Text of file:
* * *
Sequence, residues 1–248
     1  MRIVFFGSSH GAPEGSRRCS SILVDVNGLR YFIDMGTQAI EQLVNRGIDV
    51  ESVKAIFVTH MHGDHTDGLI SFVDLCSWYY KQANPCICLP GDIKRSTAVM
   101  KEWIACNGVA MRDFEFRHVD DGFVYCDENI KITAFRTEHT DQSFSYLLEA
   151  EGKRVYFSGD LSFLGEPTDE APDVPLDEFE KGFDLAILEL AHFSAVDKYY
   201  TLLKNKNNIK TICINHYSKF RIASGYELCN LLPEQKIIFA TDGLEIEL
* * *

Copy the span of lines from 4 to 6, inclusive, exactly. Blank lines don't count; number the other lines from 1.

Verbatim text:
   101  KEWIACNGVA MRDFEFRHVD DGFVYCDENI KITAFRTEHT DQSFSYLLEA
   151  EGKRVYFSGD LSFLGEPTDE APDVPLDEFE KGFDLAILEL AHFSAVDKYY
   201  TLLKNKNNIK TICINHYSKF RIASGYELCN LLPEQKIIFA TDGLEIEL